Learn how to write commercial emails that get results by clarifying three main points: who you are, what you can do for the customer and what the next step will be when working together. Read more…
We send emails for just about anything nowadays, from the most pressing to the most futile message: we fix appointments, send quotes to customers, resolve complaints, organize events or invite a colleague for a coffee…
I am a keen supporter of advanced communication tools – I have a degree in computer science – but what I find inappropriate is the superficial and casual way we use them, without considering if we have selected the most effective technology for the goal we have set ourselves.
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By hiding behind our screens and using the handy and fast expedient of e-mails, we run the risk of serious misunderstandings that could be avoided by simply picking up the phone.
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My mailbox (and undoubtedly yours too) is besieged daily by dozens of messages and most of these confirm the philosopher Popper’s thesis that ‘nothing is easier than difficult writing’! I often feel that my incoming emails were written by people who forgot that another person had to read and understand them. That is why I want to provide you with some tools, mainly dictated by common sense, to write e-mails effectively and use them to their full potential.
Let’s start from the ‘TO’ box where we specify the primary recipient. Here you should address the person who is required to act directly on the content of your message. Generally, this will be a single individual, but where there are two or more recipients the text should clearly indicate who you expect to respond in order to avoid generating misunderstandings of the sort ‘I thought you’d do it’. The Cc (Carbon copy) option should only be used to add people who need to be informed. Do not abuse this function to avoid your own responsibility by hiding behind the easy excuse of ‘But I told him/her!’ Additionally, more than actually requiring confirmation, many people use the ‘read receipt’ function to cover their backs. It is often more effective to explicitly request an answer.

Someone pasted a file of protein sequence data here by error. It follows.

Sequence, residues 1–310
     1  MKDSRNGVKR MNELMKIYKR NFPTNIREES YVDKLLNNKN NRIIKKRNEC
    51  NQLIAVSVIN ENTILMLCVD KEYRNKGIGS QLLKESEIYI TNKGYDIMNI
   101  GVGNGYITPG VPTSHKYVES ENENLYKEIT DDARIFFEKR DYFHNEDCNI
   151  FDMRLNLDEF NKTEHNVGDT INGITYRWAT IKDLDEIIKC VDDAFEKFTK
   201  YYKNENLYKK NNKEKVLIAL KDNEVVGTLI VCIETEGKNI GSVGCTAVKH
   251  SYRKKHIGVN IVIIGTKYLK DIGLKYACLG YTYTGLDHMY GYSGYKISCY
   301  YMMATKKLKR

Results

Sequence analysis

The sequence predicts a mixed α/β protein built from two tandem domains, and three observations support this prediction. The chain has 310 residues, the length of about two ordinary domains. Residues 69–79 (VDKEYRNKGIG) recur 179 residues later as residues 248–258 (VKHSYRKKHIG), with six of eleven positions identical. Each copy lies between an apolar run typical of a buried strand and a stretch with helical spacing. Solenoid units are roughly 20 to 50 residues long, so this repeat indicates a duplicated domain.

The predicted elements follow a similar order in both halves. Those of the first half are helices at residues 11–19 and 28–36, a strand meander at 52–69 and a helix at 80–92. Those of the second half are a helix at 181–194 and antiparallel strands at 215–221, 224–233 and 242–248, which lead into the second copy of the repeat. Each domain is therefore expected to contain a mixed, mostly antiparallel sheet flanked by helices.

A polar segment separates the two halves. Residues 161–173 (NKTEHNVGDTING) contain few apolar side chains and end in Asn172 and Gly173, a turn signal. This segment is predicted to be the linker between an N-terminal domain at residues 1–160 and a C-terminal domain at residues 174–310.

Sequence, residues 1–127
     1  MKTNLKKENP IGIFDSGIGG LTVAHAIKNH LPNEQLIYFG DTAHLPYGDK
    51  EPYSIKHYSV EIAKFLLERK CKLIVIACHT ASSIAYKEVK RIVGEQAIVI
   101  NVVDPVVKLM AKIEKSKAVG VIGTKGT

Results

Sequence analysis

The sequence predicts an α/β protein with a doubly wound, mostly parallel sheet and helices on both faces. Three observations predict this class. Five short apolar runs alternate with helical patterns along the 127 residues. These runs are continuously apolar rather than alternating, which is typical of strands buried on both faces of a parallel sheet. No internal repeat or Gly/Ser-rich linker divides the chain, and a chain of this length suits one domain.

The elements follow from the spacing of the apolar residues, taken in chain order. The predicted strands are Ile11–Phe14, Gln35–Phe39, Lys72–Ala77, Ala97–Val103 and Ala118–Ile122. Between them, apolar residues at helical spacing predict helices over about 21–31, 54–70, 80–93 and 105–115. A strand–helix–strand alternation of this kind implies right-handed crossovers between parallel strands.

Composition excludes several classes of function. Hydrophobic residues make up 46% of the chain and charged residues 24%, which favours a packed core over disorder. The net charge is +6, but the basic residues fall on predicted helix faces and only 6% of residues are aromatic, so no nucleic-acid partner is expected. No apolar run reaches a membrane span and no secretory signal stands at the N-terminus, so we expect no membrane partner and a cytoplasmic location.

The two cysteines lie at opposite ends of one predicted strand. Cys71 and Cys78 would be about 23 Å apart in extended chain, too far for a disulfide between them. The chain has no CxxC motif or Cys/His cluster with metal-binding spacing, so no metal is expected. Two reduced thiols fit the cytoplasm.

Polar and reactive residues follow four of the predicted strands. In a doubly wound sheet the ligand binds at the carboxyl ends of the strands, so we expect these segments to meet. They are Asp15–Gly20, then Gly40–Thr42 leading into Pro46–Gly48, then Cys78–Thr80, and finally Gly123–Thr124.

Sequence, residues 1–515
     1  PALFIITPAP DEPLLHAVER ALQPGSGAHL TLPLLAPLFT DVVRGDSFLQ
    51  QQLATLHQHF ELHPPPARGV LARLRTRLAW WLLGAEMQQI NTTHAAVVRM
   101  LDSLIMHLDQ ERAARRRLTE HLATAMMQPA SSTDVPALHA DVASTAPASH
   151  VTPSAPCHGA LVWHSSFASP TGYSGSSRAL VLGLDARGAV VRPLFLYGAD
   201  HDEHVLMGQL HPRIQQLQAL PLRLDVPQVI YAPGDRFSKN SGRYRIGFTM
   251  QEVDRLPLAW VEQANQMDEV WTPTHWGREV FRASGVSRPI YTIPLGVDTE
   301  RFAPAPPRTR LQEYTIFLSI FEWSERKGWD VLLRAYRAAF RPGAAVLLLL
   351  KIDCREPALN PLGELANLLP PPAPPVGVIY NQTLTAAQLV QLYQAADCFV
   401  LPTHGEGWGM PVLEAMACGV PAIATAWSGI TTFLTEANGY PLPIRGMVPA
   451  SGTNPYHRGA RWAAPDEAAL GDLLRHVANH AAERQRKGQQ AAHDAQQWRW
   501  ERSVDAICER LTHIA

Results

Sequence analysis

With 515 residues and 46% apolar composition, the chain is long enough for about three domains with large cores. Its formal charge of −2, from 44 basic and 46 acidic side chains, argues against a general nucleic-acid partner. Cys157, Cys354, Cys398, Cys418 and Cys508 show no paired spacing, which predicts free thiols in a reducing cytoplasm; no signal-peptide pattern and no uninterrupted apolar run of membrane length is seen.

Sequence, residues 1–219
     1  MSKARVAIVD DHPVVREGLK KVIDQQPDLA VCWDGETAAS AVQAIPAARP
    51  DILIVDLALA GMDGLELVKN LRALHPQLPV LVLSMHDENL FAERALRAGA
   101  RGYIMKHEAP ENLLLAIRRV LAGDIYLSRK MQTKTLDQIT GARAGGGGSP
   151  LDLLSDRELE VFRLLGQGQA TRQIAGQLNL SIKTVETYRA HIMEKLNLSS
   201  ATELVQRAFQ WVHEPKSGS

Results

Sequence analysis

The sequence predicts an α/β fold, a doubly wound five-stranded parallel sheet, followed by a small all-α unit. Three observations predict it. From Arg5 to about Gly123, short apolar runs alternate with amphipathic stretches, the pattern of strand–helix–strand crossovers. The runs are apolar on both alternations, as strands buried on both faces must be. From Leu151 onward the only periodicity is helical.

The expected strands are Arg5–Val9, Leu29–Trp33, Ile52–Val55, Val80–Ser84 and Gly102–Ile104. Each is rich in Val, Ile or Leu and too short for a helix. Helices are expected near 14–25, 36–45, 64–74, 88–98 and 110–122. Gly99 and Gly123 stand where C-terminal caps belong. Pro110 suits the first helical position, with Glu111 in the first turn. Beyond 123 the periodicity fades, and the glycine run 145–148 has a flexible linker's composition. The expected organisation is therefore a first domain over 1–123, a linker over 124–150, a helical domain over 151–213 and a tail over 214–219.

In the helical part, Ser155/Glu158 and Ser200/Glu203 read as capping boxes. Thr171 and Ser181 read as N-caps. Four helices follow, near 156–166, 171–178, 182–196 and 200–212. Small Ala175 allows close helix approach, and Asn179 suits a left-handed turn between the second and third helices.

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The first thing that the recipient will see is the subject and based on this they will decide if and when to read the message.
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It should, therefore, be short and sweet (maximum 6/8 words) and anticipate the content in a precise, clear and concise manner. Remember that the ‘subject’ field also serves to correctly archive the correspondence. Punctuation and the use of capital letters or boldface serve to simulate rhythm, volume and tone of the message. Bear in mind that caps are difficult to read if used extensively and that netiquette dictates that ALL CAPS is the equivalent of yelling at someone.
Let’s now turn our attention to the content. Just as we greet people when entering the office and say goodbye as we leave, so all your emails should start with a greeting, ‘Hi Anna’, ‘Good Morning Mr. Smith’ as suitable to the formality of your relationship, and end politely ‘best, thanks, see you soon, kind regards’ and so on.
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Emails do not comply with the rules of the old ‘business letter’ so avoid using pompous forms such as ‘I am hereby writing to you to…’.
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Respect basic grammar rules and aim for plain English! Avoid using jargon, lingo or cryptic acronyms (e.g. IMO – in my opinion). You must be sure that all content will be correctly understood by your interlocutor. The two keywords for writing any mail are brevity and clarity. But how do you combine the two? Firstly, by organizing the mail in 3 paragraphs:
- Introduction – let’s get straight to the point by introducing the subject of the email, reporting any numbers and specific data (codes, dates, places, …). For example, ‘I am writing to you regarding order N° 123 of 2/12/2017;
- Body – clearly develop the theme by specifying why you are writing and why you are addressing the person specified; indicate why they will be interested or how they are involved. For instance, ‘I request that you complete and return the attached documents to enable us to process your order within the agreed time frame’;
- Conclusions – clearly specify what actions must be taken, replacing the obsolete and inefficient ‘I look forward to hearing from you’ with a specific request, for example ‘I await confirmation by e-mail or further instructions’.
After closing the mail, remember to sign the message and insert your business card in the format used by your company. The recipient must be able to contact you easily and immediately thanks to the information you provide. Resist the temptation to mark all your emails as urgent by adding the symbol or writing ‘urgent’ in the subject line. By allocating the correct priority to your messages, you will appear more credible.
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Adapt the teachings of the designer Coco Chanel and re-read your mail before sending it, maybe saving it as a draft and returning to it later if you might wish to remove something.
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I have my own personal rule: if it takes too much effort to state my message clearly then I know it is better to pick up the phone and use the email later to confirm the agreement!
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